Now, the first thing to be considered about baptism is the divine promise, which says: “He who believes and is baptized will be saved” [Mark 16:16]. This promise must be set far above all the glitter of works, vows, religious orders, and whatever else man has introduced, for on it all our salvation depends. For unless faith is present or is conferred in baptism, baptism will profit us nothing; indeed, it will become a hindrance to us, not only at the moment when it is received, but throughout the rest of our lives. That kind of unbelief accuses God’s promise of being a lie, and this is the greatest of all sins. If we set ourselves to this exercise of faith, we shall at once perceive how difficult it is to believe this promise of God. For our human weakness, conscious of its sins, finds nothing more difficult to believe than that it is saved or will be saved; and yet, unless it does believe this, it cannot be saved, because it does not believe the truth of God that promises salvation. (LW 36:58).Since baptism is a divine promise, it should be used to nourish faith. When a Christian struggles against sin and doubt, he needs to be reminded of his baptism:
Therefore, when we rise from our sins or repent, we are merely returning to the power and the faith of baptism from which we fell, and finding our way back to the promise then made to us, which we deserted when we sinned. For the truth of the promise once made remains steadfast, always ready to receive us back with open arms when we return. And this, if I mistake not, is what they mean when they say, though obscurely, that baptism is the first sacrament and the foundation of all the others, without which none of the others can be received.(LW 36:59)What had happened though, according to Luther, is that the Roman church rather instructed to men to place their hope in penance rather than in their baptism:
But Satan, though he could not quench the power of baptism in little children, nevertheless succeeded in quenching it in all adults, so that now there are scarcely any who call to mind their own baptism, and still fewer who glory in it; so many other ways have been discovered for remitting sins and getting to heaven. The source of these false opinions is that dangerous saying of St. Jerome—either unhappily phrased or wrongly interpreted—in which he terms penance “the second plank after shipwreck,” as if baptism were not penance. Hence, when men have fallen into sin, they despair of the “first plank,” which is the ship, as if it had gone under, and begin to put all their trust and faith in the second plank, which is penance. This has given rise to those endless burdens of vows, religious orders, works, satisfactions, pilgrimages, indulgences, and monastic sects, and from them in turn has arisen that flood of books, questions, opinions, and man-made ordinances which the whole world cannot contain. Thus the church of God is incomparably worse off under this tyranny than the synagogue or any other nation under heaven ever was. (LW 36:57)The quote in question appears after this basic argumentation:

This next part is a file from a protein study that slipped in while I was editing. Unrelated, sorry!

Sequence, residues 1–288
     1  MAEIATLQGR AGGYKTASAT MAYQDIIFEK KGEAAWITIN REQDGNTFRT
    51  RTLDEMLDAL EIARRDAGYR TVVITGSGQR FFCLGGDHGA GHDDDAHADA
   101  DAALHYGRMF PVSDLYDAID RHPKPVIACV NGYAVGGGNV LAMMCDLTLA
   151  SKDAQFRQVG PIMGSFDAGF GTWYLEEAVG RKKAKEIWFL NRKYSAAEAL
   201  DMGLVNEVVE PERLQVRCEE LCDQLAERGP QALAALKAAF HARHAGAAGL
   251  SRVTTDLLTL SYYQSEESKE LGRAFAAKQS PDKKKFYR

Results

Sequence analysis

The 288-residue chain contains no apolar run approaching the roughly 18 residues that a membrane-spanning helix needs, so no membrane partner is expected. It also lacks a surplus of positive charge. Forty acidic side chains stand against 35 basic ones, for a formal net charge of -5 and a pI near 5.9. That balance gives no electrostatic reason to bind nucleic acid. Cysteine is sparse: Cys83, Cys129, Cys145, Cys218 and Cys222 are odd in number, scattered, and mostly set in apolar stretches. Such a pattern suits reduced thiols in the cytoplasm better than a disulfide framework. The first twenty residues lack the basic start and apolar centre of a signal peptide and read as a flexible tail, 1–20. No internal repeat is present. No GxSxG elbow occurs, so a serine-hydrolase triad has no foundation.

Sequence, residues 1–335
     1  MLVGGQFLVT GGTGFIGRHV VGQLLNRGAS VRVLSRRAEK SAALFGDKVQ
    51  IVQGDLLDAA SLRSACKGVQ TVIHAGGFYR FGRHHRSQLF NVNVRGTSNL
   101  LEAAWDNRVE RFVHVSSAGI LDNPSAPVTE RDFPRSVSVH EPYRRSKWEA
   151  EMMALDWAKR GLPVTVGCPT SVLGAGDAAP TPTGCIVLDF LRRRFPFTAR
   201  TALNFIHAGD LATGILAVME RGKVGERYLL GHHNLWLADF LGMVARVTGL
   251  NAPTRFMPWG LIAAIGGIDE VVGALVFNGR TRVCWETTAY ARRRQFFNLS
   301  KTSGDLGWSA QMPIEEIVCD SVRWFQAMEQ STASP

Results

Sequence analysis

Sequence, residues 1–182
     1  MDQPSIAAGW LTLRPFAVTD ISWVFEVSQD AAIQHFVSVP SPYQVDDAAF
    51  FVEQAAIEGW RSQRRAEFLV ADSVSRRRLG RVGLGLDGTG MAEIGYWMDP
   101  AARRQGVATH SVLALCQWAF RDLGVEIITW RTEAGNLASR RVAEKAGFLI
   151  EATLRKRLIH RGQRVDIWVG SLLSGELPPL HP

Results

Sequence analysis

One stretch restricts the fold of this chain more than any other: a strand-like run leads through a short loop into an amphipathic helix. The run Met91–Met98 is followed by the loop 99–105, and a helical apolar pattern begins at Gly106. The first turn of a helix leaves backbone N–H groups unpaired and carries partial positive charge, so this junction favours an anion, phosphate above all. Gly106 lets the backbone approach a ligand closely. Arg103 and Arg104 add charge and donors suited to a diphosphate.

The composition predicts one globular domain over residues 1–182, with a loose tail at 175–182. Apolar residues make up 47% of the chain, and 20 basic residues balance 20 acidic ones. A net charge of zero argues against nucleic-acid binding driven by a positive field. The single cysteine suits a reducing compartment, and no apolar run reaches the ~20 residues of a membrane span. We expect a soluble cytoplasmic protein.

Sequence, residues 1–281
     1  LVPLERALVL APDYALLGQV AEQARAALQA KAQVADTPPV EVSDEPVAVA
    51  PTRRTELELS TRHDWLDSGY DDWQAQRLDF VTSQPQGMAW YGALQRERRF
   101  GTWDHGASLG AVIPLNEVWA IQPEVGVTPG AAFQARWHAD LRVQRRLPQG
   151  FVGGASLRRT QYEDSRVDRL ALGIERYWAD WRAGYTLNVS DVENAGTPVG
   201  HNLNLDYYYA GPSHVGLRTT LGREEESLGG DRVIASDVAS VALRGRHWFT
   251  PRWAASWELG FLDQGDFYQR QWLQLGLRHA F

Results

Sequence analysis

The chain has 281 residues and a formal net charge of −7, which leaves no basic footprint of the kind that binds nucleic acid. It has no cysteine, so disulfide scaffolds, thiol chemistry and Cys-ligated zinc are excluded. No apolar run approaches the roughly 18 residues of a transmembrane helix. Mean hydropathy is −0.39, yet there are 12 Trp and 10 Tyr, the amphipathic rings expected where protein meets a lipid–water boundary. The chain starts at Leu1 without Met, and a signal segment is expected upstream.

Thus you see how rich a Christian is, that is, one who has been baptized! Even if he would, he could not lose his salvation, however much he sinned, unless he refused to believe. For no sin can condemn him save unbelief alone. All other sins, so long as the faith in God’s promise made in baptism returns or remains, are immediately blotted out through that same faith, or rather through the truth of God, because he cannot deny himself if you confess him and faithfully cling to him in his promise. But as for contrition, confession of sins, and satisfaction, along with all those carefully devised exercises of men: if you rely on them and neglect this truth of God, they will suddenly fail you and leave you more wretched than before. For whatever is done without faith in God’s truth is vanity of vanities and vexation of spirit [Eccles. 1:2, 14]. (LW 36:60)Conclusion
When some read citations like this from Luther, they assume Luther was promoting antinomianism. This would be grossly incorrect. The thrust of Luther's thought is to not rely on one's own work for salvation, which is what was popularly going on in Luther's day. After the quote in question, Luther goes on to say:
Beware, therefore, that the external pomp of works and the deceits of man-made ordinances do not deceive you, lest you wrong the divine truth and your faith. If you would be saved, you must begin with the faith of the sacraments, without any works whatever. The works will follow faith, but do not think too lightly of faith, for it is the most excellent and difficult of all works. Through it alone you will be saved, even if you should be compelled to do without any other works. For faith is a work of God, not of man, as Paul teaches [Eph. 2:8]. The other works he works through us and with our help, but this one alone he works in us and without our help. (LW 36:62).